tecznotes

Michal Migurski's notebook, listening post, and soapbox. Subscribe to this blog. Check out the rest of my site as well.

Aug 3, 2005 12:57pm

announcing vox delicii

I switched the data source for the News project from Google News to Del.icio.us Popular, and called the resulting piece Vox Delicii.

Here's why:

Since August 2004, Google's algorithm for determining news items worthy of inclusion on the "In The News" short list has become much more opaque, and a little less meaningful. Before that date, I believe it to have been based on objective popularity. George Bush was always in the news, and major news events such as the Richard Clarke / Condi Rice hearings in Spring 2004 were very well-represented. About a year ago, Google switched to an algorithm that appears to be based on the first derivative of popularity: major newsmakers such as George Bush no longer showed up, while lots of "flash in the pan" names did. It was a sensible decision on Google's part, but hell on anyone trying to do a visual analysis. The appearance of the heat map became significantly more chaotic, and it was more difficult to view patterns. In effect, the map above shows change over time, and doing so with information that is already showing change over time gives you a map of acceleration, which is more difficult to comprehend quickly and less interesting to watch.

Similarly, Google's process for determining what constitutes a "proper noun" is also opaque. When Sun and Microsoft settled their long-standing legal disputes, Sun Microsystems appeared here while Microsoft did not. I don't know why - maybe Google is only interested in pairs of capitalized words surrounded by non-capitalized words.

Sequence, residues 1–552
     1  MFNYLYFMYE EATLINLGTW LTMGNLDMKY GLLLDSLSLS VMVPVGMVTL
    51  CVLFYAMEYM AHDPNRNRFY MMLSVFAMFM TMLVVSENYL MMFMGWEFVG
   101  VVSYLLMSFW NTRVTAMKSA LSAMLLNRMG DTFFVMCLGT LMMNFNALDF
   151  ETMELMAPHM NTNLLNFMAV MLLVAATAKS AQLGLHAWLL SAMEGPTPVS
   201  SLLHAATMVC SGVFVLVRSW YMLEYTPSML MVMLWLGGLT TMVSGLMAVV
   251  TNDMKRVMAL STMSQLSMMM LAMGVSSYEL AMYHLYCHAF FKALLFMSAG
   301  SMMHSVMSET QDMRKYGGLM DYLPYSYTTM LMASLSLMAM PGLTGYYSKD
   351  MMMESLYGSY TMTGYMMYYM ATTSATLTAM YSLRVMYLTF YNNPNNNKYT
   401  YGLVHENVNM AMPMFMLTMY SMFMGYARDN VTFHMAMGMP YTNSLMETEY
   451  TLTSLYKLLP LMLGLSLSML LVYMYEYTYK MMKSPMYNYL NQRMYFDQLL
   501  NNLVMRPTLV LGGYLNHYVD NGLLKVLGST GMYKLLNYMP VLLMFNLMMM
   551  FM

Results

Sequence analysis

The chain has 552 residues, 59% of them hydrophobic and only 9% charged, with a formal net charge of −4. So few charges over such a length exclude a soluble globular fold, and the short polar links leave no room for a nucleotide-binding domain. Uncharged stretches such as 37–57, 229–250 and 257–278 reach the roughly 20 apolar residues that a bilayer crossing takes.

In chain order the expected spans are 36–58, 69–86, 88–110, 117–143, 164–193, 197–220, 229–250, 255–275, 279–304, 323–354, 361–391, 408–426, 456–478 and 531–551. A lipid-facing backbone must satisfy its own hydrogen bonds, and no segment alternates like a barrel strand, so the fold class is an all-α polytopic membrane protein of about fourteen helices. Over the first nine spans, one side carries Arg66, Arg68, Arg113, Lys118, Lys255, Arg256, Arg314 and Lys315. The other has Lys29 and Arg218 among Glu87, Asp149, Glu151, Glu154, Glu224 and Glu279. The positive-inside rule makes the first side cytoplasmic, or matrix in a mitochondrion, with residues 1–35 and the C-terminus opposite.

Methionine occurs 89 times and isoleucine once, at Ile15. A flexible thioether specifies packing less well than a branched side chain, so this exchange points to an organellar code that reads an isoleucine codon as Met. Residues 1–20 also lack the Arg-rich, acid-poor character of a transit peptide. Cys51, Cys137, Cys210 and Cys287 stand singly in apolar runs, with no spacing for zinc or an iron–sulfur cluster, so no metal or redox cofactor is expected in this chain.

Meanwhile, Del.icio.us Popular is completely transparent. A quick glance at the list of popular items shows them to be organized by number of recent posts. A little digging shows that this number is probably based on the number of posts in the last 24 hours, so right away there's an objective method for understanding the source of the data.

In some ways, the Del.icio.us data is also more interesting for what it represents. The News information was based on news-room memes, and strongly influenced by the Associated Press and the general tendency for news sources to reprint each other's stories. Thus, it wasn't really graphing the mindshare of information deemed interesting by the general public, but by that of professional journalists and their employers and stockholders. Meanwhile, Del.icio.us popularity is a significantly more bottoms-up affair, tracking the oddball tastes of the geek set as it flocks to stories linked from Slashdot or BoingBoing. This is real, honest-to-goodness attention data and it should be fun to watch and analyze as the set grows.

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